These snakes inhabit Alabama, Arkansas, Florida, Georgia, Illinois, Indiana, western Kentucky, Louisiana, Mississippi, Missouri, North Carolina, Oklahoma, South Carolina, Texas, and Virginia. Eastern Tennessee, and extreme Southeastern Nebraska.
This is the most aquatic species of Agkistrodon and is usually associated with bodies of water, such as creeks, streams, marshes, swamps and the shores of ponds and lakes. These snakes are also found in brackish water and have been seen swimming in salt water. They are almost always found by an area of water, although large specimens have been found over a mile away from water. Often bask on branches and rocks along the banks.
This is the largest species of the genus Agkistrodon. The broad head is distinct from the neck, the snout blunt in profile with the rim of the top of the head extending forwards slightly further than the mouth. The body has a heavy build and a tail that is moderately long and slender. On the top of the head, a generalized pattern of nine symmetrical head plates is present. At mid-body, there are 23-27 rows of dorsal scales. Though the majority of specimens are almost or even totally black, the color pattern may consist of brown, gray, tan, yellowish olive or blackish ground color. These colors are overlaid with a series of 10-17 cross-bands that are dark brown to almost black.
Although venomous, the aggressiveness of these snakes has been greatly exaggerated. When sufficiently stressed, this species engages in a characteristic threat display that includes vibrating its tail and throwing its head back with its mouth open to display the startling white interior, while the neck and front part of the body are pulled into an S-shape. The cottonmouth can be found day or night and primarily hunts at night during the hottest parts of the year.
The cottonmouth is an ovoviviparous, which means females incubate the eggs inside their own bodies. The gestation period is approximately 56 days and the incubation period is approximately 73 days. Females give birth to 1-16 young and possibly as many as 20. However, litters of 6-8 are the most common and the young are 22-35cm in length. If weather conditions are favorable and food is readily available, growth is rapid and females may reproduce at less than three years of age. The young are born in August or September, while mating may occur during any of the warmer months of the year.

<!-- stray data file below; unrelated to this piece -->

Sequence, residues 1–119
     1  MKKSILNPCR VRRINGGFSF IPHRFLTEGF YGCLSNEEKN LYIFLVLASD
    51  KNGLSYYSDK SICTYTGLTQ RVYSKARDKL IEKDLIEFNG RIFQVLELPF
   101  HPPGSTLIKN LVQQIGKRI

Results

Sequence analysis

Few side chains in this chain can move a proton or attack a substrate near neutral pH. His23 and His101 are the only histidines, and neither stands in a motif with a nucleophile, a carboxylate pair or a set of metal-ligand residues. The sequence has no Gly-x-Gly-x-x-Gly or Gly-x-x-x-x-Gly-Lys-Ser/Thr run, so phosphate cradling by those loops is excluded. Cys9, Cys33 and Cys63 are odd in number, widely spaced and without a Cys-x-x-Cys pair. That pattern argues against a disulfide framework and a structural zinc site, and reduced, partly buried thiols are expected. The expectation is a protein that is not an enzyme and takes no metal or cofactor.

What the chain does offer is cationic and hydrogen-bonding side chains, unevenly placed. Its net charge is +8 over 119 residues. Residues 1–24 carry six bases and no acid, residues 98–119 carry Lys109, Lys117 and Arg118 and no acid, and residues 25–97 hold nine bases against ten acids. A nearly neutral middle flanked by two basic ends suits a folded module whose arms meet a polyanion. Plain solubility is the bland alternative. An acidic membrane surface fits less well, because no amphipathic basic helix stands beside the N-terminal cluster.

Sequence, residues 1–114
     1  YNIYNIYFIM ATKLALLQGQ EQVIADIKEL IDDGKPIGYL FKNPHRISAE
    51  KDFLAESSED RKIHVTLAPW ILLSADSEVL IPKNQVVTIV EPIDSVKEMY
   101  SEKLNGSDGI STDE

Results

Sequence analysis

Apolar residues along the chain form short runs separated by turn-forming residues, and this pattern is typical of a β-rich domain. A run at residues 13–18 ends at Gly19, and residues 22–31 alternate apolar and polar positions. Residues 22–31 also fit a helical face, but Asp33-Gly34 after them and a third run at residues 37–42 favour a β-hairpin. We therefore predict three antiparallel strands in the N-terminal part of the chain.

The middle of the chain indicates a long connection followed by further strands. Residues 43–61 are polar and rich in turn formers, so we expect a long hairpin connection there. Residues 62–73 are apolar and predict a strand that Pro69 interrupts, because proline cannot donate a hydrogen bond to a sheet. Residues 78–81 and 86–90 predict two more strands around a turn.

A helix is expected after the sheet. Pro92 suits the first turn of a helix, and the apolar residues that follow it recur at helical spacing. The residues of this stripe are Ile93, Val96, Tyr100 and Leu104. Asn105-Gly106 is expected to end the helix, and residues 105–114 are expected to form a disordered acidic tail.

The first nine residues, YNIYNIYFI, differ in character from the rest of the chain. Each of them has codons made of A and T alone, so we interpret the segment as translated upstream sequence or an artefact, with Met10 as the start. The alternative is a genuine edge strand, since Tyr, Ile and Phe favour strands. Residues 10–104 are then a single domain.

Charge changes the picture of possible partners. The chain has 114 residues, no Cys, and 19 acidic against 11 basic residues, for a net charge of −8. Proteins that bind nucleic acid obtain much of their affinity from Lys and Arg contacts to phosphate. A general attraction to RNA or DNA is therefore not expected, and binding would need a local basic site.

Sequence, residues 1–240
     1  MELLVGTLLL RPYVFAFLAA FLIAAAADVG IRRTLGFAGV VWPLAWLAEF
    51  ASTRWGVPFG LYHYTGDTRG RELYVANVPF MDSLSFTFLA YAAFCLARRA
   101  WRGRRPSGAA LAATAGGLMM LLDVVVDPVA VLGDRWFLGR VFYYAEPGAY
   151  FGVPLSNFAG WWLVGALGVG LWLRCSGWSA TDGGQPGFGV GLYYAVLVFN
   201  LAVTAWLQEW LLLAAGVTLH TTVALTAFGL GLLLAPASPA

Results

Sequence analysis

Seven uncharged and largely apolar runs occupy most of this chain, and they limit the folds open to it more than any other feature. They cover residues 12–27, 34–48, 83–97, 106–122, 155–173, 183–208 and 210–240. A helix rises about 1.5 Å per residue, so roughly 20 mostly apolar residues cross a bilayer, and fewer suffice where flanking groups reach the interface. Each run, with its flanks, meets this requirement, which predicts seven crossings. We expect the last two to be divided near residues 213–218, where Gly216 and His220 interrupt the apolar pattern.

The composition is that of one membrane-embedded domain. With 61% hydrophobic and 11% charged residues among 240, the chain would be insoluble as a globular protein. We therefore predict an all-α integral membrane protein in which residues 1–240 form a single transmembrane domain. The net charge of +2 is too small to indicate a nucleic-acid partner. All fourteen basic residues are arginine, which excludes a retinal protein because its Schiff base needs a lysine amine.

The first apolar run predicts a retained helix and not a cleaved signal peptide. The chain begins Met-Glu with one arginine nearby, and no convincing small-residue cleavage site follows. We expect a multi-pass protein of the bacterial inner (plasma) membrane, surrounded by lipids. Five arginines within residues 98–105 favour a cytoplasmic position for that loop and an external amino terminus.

Although the cottonmouth preys upon a wide variety of animals, it has also been known to feed on carrion. When threatened the cottonmouth snake uses a defense response by flattening the body and emitting a strong, pungent secretion from the anal glands.
Cottonmouths, also called trap jaws or water moccasins, are primarily active at night. When threatened, a cottonmouth coils its body and threatens the intruder with its mouth wide open and its fangs exposed, showing the white lining of its mouth—thus, the name cottonmouth.
They are pit vipers and possess a pair of heat-sensing pits between their eyes and nostrils that help them to locate warm-blooded prey and strike accurately, even in the dark. Their curved, hollow fangs are normally folded back along the jaw. When striking, the fangs rapidly swing forward and fill with venom as the mouth opens. The venom of the cottonmouth is hemotoxic. This means that the venom breaks down and destroys blood cells and other tissues and prevents clotting.
Constant persecution and water drainage of wetland habitat prior to development has lowered local populations. Despite this, the cottonmouth snake remains a common snake in many areas.
|Did YOU Know?|
|The cottonmouth snake is a great swimmer and is capable of biting under water.|